[llvm-dev] [RFC][SVE] Supporting Scalable Vector Architectures in LLVM IR (take 2)

Amara Emerson via llvm-dev llvm-dev at lists.llvm.org
Thu Jul 6 15:03:09 PDT 2017

[Sending again to list]

Hi Chris,

Responses inline...

On 6 July 2017 at 21:02, Chris Lattner via llvm-dev
<llvm-dev at lists.llvm.org> wrote:
> Thanks for sending this out Graham.  Here are some comments:
> This is a clever approach to unifying the two concepts, and I think that the approach is basically reasonable.  The primary problem that this will introduce is:
> 1) Almost anything touching (e.g. transforming) vector operations will have to be aware of this concept.  Given a first class implementation of SVE, I don’t see how that’s avoidable though, and your extension of VectorType is sensible.

Yes, however we have found that the vast majority of vector transforms
don't need any modification to deal with scalable types. There are
obviously exceptions, things like analysing shuffle vector masks for
specific patterns etc.

> 2) This means that VectorType is sometimes fixed size, and sometime unknowable.  I don’t think we have an existing analog for that in the type system.
> Is this type a first class type?  Can you PHI them, can you load/store them, can you pass them as function arguments without limitations?  If not, that is a serious problem.  How does struct layout with a scalable vector in it work?  What does an alloca of one of them look like?  What does a spill look like in codegen?
Yes, as an extension to VectorType they can be manipulated and passed
around like normal vectors, load/stored directly, phis, put in llvm
structs etc. Address computation generates expressions in terms vscale
and it seems to work well.
> I think that a target-specific type (e.g. like we have X86_mmx) is the only reasonable alternative.  A subclass of VectorType is just another implementation approach of your design above.  This is assuming that scalable vectors are really first class types.
> The pros and cons of a separate type is that it avoids you having to touch everything that touches VectorTypes, and if it turns out that the code that needs to handle normal SIMD and scalable SIMD vectors is different, then it is a win to split them into two types.  If, on the other hand, most code would treat the two types similarly, then it is better to just have one type.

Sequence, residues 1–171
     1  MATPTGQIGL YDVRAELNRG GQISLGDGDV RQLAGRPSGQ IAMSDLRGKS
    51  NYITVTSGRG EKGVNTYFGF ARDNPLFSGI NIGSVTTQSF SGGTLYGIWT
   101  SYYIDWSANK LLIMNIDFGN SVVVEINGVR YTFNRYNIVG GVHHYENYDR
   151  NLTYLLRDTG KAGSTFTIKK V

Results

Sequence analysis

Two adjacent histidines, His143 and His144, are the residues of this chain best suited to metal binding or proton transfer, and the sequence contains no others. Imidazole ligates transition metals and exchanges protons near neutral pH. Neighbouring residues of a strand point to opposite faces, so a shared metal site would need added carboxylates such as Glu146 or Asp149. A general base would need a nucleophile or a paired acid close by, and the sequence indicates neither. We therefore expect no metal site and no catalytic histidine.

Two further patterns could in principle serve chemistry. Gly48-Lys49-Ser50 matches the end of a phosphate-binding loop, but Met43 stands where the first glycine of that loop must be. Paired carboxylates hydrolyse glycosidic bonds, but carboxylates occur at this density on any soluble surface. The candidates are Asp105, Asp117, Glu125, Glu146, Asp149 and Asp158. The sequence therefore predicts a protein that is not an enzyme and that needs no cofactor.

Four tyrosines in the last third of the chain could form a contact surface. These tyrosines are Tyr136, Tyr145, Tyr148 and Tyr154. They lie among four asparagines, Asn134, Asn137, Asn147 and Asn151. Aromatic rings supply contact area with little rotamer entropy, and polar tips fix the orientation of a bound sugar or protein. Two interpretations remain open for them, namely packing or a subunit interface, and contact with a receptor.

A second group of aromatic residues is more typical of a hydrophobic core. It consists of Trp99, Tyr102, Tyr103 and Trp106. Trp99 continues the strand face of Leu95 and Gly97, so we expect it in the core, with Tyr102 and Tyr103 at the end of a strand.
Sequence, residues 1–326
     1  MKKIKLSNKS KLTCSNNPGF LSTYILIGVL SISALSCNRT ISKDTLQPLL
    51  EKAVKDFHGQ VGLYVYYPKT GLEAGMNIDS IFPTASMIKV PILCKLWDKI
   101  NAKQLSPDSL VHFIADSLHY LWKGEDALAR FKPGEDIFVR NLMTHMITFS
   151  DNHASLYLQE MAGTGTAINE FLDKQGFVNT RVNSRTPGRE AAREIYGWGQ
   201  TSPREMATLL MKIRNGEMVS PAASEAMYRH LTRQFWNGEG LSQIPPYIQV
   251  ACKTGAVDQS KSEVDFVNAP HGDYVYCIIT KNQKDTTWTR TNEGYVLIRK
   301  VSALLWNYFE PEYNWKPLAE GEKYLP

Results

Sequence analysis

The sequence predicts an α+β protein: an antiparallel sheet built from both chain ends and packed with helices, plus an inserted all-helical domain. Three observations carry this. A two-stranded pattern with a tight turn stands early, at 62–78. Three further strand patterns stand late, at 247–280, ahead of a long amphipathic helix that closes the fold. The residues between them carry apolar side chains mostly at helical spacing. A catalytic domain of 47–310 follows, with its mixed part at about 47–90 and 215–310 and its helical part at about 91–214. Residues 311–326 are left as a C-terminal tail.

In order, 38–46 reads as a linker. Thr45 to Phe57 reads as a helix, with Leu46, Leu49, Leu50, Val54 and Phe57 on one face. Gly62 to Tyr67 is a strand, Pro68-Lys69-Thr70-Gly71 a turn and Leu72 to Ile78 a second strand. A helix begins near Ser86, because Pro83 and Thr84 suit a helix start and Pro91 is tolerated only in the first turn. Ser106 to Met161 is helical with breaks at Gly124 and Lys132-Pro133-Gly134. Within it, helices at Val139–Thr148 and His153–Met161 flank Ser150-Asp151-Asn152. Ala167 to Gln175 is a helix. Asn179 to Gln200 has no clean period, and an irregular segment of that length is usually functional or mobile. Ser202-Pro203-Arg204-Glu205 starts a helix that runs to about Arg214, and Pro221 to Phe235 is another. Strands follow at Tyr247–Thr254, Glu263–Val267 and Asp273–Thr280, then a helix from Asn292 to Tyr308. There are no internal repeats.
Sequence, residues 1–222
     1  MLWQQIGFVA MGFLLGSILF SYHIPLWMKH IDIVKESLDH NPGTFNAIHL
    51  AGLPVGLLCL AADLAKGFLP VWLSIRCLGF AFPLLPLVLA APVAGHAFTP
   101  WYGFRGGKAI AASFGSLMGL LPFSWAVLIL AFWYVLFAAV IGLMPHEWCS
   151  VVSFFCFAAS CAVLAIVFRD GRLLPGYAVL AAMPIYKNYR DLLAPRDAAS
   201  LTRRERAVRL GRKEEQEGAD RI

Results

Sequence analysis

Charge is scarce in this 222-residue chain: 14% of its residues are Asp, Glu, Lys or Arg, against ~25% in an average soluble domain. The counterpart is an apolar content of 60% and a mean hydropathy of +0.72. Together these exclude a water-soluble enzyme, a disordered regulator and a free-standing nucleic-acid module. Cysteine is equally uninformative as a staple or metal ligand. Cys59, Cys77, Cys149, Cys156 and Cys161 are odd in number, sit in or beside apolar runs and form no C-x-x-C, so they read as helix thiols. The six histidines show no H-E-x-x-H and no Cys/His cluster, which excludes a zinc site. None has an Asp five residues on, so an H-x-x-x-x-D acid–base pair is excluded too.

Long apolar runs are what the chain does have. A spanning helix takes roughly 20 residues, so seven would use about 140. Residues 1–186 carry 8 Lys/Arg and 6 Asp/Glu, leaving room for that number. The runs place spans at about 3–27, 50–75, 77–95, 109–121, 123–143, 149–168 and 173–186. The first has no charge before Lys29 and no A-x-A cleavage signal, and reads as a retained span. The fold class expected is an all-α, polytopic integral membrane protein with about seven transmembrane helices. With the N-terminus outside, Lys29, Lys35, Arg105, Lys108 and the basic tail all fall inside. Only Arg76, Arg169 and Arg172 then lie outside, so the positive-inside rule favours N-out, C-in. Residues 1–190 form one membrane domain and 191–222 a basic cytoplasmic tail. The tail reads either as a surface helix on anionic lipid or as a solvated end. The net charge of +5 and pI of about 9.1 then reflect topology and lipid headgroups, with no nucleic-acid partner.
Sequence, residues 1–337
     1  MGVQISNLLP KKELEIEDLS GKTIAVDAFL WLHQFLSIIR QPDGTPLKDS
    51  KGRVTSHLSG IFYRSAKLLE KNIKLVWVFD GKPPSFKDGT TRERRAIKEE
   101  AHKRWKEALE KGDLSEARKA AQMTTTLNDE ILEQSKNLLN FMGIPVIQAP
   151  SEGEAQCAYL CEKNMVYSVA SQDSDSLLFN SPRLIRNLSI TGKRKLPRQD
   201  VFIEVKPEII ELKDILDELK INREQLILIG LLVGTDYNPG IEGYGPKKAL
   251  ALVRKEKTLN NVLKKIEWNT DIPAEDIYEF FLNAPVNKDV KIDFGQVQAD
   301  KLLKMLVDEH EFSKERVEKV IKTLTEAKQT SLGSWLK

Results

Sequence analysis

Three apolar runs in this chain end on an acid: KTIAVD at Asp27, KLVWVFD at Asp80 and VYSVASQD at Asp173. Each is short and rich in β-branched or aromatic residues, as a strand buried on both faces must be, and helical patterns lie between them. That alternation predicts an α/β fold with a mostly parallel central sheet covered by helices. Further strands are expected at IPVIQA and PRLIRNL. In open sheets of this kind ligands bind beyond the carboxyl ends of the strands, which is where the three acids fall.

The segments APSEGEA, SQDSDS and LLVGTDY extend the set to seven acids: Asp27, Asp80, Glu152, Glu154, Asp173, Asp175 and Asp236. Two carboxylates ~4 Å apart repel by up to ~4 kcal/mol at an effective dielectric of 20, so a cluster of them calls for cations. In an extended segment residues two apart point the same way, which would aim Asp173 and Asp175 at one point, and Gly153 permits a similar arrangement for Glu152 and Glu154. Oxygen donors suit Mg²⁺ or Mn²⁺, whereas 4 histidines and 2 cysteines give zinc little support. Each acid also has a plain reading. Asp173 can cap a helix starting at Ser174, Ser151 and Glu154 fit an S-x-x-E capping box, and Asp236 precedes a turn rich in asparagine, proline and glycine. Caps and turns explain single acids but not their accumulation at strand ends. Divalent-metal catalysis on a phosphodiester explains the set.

Fortunately the latter case is exactly what we've found. Most
operations on vectors are not actually concerned with their absolute
size, and more usually concerned with relative sizes if anything.
> The major concern I have here is that I’m not sure how scalable vectors can be considered to be first class types, given that we don’t know their size.  If they can’t be put in an LLVM struct (for example), then this would pose a significant problem with your current approach.  It would be a huge problem if VectorType could be in structs in some cases, but not others.
We can have them as first class types but as you say it does require
us to be careful with reasoning about their sizes. In practice there
are architectural limits on the sizes of vectors, so it's possible to
have an upper bound on the size. However to be completely accurate,
type sizes in LLVM probably need to have some symbolic representation
such that we can reason about their sizes in terms of, essentially,
the vscale constant. The other potential avenue is to make all type
size queries in LLVM return optional values. We haven't implemented
either of these and we haven't yet hit an issue, not to say there
isn't one. I think most of the uses of querying type sizes are to
compare against other type sizes, so relative comparisons still work
even with scalable types. This area is something we want some
community input to build consensus on though.

>> With a scalable vector type defined, we now need a way to generate addresses for
>> consecutive vector values in memory and to be able to create basic constant
>> vector values.
>> For address generation, the `vscale` constant is added to represent the runtime
>> value of `n` in `<n x m x type>`.
> This should probably be an intrinsic, not an llvm::Constant.  The design of llvm::Constant is already wrong: it shouldn’t have operations like divide, and it would be better to not contribute to the problem.
Could you explain your position more on this? The Constant
architecture has been a very natural fit for this concept from our
>> Multiplying `vscale` by `m` and the number of
>> bytes in `type` gives the total length of a scalable vector, and the backend
>> can pattern match to the various load and store instructions in SVE that
>> automatically scale with vector length.
> It is fine for the intrinsic to turn into a target specific ISD node in selection dag to allow your pattern matching.

>> How do we spill/fill scalable registers on the stack?
>> -----------------------------------------------------
>> SVE registers have a (partially) unknown size at build time and their associated
>> fill/spill instructions require an offset that is implicitly scaled by the
>> vector length instead of bytes or element size. To accommodate this we
>> created the concept of Stack Regions that are areas on the stack associated
>> with specific data types or register classes.
> Ok, that sounds complicated, but can surely be made to work.  The bigger problem is that there are various LLVM IR transformations that want to put registers into memory.  All of these will be broken with this sort of type.
Could you give an example?

Thanks for taking the time to review this,

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